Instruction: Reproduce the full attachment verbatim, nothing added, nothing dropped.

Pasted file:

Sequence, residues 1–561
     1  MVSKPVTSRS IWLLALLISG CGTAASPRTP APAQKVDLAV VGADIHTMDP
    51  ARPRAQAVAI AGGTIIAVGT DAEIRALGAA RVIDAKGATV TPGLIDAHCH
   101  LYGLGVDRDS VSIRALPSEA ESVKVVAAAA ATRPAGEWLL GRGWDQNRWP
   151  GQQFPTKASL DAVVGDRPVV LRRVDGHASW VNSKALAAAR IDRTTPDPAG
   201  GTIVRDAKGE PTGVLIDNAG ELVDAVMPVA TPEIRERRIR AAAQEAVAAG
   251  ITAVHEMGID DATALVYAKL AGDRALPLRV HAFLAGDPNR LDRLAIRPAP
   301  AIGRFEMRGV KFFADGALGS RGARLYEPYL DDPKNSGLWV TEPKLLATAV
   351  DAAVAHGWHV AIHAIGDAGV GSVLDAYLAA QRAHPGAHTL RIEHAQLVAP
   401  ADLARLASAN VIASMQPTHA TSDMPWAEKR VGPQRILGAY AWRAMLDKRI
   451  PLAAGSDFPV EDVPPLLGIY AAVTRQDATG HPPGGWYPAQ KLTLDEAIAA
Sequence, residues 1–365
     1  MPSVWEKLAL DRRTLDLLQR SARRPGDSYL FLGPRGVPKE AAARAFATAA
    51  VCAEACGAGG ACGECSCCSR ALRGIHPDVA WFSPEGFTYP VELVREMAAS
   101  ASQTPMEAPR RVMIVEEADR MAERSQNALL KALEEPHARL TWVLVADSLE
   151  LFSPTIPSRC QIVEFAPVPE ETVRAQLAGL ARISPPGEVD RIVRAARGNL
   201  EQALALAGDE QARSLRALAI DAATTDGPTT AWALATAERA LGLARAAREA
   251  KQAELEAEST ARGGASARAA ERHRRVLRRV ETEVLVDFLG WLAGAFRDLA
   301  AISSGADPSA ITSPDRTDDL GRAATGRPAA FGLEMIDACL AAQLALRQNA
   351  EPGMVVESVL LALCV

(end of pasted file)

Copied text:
Sequence, residues 1–561
     1  MVSKPVTSRS IWLLALLISG CGTAASPRTP APAQKVDLAV VGADIHTMDP
    51  ARPRAQAVAI AGGTIIAVGT DAEIRALGAA RVIDAKGATV TPGLIDAHCH
   101  LYGLGVDRDS VSIRALPSEA ESVKVVAAAA ATRPAGEWLL GRGWDQNRWP
   151  GQQFPTKASL DAVVGDRPVV LRRVDGHASW VNSKALAAAR IDRTTPDPAG
   201  GTIVRDAKGE PTGVLIDNAG ELVDAVMPVA TPEIRERRIR AAAQEAVAAG
   251  ITAVHEMGID DATALVYAKL AGDRALPLRV HAFLAGDPNR LDRLAIRPAP
   301  AIGRFEMRGV KFFADGALGS RGARLYEPYL DDPKNSGLWV TEPKLLATAV
   351  DAAVAHGWHV AIHAIGDAGV GSVLDAYLAA QRAHPGAHTL RIEHAQLVAP
   401  ADLARLASAN VIASMQPTHA TSDMPWAEKR VGPQRILGAY AWRAMLDKRI
   451  PLAAGSDFPV EDVPPLLGIY AAVTRQDATG HPPGGWYPAQ KLTLDEAIAA
Sequence, residues 1–365
     1  MPSVWEKLAL DRRTLDLLQR SARRPGDSYL FLGPRGVPKE AAARAFATAA
    51  VCAEACGAGG ACGECSCCSR ALRGIHPDVA WFSPEGFTYP VELVREMAAS
   101  ASQTPMEAPR RVMIVEEADR MAERSQNALL KALEEPHARL TWVLVADSLE
   151  LFSPTIPSRC QIVEFAPVPE ETVRAQLAGL ARISPPGEVD RIVRAARGNL
   201  EQALALAGDE QARSLRALAI DAATTDGPTT AWALATAERA LGLARAAREA
   251  KQAELEAEST ARGGASARAA ERHRRVLRRV ETEVLVDFLG WLAGAFRDLA
   301  AISSGADPSA ITSPDRTDDL GRAATGRPAA FGLEMIDACL AAQLALRQNA
   351  EPGMVVESVL LALCV